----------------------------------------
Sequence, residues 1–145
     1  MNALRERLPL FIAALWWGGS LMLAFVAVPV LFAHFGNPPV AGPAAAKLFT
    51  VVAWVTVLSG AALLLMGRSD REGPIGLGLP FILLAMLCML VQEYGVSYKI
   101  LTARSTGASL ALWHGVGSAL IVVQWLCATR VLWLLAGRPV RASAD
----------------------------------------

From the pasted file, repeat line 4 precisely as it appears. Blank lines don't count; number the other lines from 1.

   101  LTARSTGASL ALWHGVGSAL IVVQWLCATR VLWLLAGRPV RASAD